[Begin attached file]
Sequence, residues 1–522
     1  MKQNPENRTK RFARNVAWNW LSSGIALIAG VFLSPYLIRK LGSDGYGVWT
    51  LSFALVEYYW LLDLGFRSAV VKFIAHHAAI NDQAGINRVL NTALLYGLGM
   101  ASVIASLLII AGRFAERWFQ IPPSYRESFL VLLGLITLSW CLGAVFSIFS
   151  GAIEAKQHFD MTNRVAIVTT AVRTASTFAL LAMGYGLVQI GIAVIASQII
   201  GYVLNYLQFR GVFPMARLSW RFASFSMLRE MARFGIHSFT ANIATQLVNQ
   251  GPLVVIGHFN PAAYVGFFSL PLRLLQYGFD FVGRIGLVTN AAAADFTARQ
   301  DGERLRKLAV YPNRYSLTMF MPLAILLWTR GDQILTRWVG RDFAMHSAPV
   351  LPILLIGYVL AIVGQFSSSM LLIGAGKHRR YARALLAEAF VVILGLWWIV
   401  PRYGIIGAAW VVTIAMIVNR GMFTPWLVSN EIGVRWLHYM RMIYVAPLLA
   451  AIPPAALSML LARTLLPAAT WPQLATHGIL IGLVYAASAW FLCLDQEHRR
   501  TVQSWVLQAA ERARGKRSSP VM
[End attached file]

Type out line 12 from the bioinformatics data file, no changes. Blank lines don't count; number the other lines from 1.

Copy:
   501  TVQSWVLQAA ERARGKRSSP VM